Frankly, this makes me rather nervous and leads me to long to move to some of the places you can see if you go to my profile and look at my photo albums. For those who do not want to do that, the description, “the middle of nowhere” should suffice.)
It is not that I am a technophobic, not at all. I mean I am a computer software developer and database administrator. It is just that this is getting too much. Sensory and information overload. What is wrong with a simple life? Isn’t it okay to not know things?
I don’t feel like these things should be terrifying at all, but should be looked at as extremely useful. All of the information being displayed is already public, people just tend to get upset when it is all raked together and put in front of them.
Think of the useful applications of such things. If you and your wife are walking through a bustling downtown, and you pan the camera around to see that a local bistro is advertising a dinner special you would like. The possibilities are endless.
Technology is simply a tool that people can do both good and bad with. We have to educate ourselves as to what information is ok for people to see, and how to keep everything else private
Or pan your camera at someone and see how much they paid for their house or when they last refinanced their mortgage and for how much. That information is also public, but should it be so easily obtainable.
Just because information is public, does not make it right to package it up and deliver it people. Just because something is legal does not make it right.
That empty land in the center part of my state is looking more inviting by the day.
Something that I personally find troubling, is that ANYONE can purchase YOUR credit report for a nominal fee. Around Christmas time last year, I looked up a few of my dh’s relatives to get their addresses to send Christmas cards out…ok, so I went onto www.whitepages.com. I noticed that next to their names, if the person is listed, were fees that you could purchase a lot of personal background info on the person…I’m talking like $30…that’s nothing, if you’re nosey. :mad: It bothers me that if someone wants access to your credit report, they can pay to see it? That’s not right!*
I have been a computer software developer my entire professional life. I actually built my first computer around 1977 or so when I was in high school. I was using BBS before the Internet had ever been heard of. I designed globe-spanning private networks before the Internet ever expanded beyond the limits of academia. Perhaps it takes someone who is not afraid of technology to say, “This is too far. This is too intrusive.”
By the way, my son, 24, does not like this technology either. He did not have a computer until I bought one for him when he started college. Now that he is out of school, he hardly ever even turns it on. He still has it and does not even want and Internet connection. (He is a chef, by the way.) And I had spent my whole life trying to get him interested in computer, it just never took. He does not even like video games! :shrug:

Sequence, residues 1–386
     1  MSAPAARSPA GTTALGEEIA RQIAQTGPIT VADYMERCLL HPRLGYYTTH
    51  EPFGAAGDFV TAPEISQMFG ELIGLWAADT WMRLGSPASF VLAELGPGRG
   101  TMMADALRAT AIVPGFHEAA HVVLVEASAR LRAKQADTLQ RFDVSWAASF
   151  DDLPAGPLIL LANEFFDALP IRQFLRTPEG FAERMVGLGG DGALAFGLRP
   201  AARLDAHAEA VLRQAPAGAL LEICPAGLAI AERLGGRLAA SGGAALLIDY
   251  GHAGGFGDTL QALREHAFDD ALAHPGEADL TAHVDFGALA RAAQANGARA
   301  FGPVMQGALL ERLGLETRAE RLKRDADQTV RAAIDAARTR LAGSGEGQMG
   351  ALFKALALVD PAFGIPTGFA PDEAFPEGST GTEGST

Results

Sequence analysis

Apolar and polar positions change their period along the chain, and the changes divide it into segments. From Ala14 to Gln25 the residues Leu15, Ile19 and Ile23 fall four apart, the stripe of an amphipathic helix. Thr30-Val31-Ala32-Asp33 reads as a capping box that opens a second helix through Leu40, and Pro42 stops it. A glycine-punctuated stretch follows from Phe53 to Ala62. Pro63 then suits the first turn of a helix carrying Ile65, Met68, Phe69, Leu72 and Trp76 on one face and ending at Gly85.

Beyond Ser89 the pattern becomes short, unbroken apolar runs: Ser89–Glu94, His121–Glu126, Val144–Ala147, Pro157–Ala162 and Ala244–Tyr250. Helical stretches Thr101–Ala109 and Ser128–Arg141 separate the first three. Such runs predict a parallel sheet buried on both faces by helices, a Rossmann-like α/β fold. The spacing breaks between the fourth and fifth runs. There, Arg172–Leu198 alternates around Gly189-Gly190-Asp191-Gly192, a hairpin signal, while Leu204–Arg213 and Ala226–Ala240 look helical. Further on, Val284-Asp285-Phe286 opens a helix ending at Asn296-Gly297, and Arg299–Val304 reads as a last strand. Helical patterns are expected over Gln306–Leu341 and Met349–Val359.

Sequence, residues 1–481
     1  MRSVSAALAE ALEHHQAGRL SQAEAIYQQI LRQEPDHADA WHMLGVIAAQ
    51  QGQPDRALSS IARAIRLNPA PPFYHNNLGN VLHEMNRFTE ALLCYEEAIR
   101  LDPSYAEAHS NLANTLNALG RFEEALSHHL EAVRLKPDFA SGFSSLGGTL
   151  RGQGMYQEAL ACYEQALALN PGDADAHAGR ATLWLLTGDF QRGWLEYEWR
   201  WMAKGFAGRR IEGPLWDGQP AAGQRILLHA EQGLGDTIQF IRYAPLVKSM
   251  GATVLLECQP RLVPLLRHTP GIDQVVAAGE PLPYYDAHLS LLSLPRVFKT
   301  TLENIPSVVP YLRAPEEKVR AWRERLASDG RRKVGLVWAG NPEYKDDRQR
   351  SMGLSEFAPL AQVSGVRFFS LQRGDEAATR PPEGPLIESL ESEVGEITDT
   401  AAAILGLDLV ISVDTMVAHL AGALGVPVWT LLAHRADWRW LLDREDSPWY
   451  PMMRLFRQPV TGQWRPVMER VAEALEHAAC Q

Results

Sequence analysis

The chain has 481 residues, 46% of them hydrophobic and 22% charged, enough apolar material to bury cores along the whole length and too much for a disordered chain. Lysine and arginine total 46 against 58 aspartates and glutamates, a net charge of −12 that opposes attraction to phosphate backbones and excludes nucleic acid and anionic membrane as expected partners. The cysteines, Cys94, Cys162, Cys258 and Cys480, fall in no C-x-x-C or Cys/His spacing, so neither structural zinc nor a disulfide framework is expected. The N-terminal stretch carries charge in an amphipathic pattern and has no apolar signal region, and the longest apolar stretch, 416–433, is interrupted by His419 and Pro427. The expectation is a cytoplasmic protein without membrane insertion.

In addition I have several friends whose children also eschew the iPhones, and the constant presence of cell phones. In fact, the daughter of a friend, who is a senior in high school, recently gave her cell phone back to her parents voluntarily saying that it was just too darned distracting.
Perhaps those “unplugged” young people are easier to find than you think. Of course, those young peoiple I know spend more time in prayer and reading actual books, you know, the kind made with paper, than the plugged-in crowd.
I’m in my 20’s, in the upper 20’s, but still, and I don’t like the idea of technology that makes it easier for weirdos to track me down and get my info. I have had weirdos do it to me before (nothing dangerous, but still) and it isn’t fun. Now that I have kids I like it even less.
I, myself, have been the target of stalkers twice. (I am a man and the stalkers were women.) I understand how serious the consequences of this endless invasion of privacy, no matter how legal it may be, really is.
Prim, I also am in the technology consulting business from RFID, sensors, Pocket PC’s like Windows Mobile & Android(The circles I work in consider the iPhone a Simpleton’s hand held) all the way to Super Computers. Including human recognition systems. To be blunt the technology can be of great benefit. However thinking that this technology cannot or would never be used against you or your family is rather naive. Not sure if you have been or are in college, but you’ll see abuses either on a personal or macro level as you get older. Their are some very sinister people who will use the technology and personal information for their benefit.
My DH is still in his 20s, and he frequently asks the OP’s question: isn’t it ok to NOT know something anymore? We don’t have a cell phone, nor do we have cable or dish. DH is very computer literate, and it’s a favorite hobby of his. With him as with so many others, it’s a love-hate relationship. And he does fantasize about moving to the middle of nowhere… really the main thing stopping us is that we would be leaving behind our easy access to Church and the sacraments.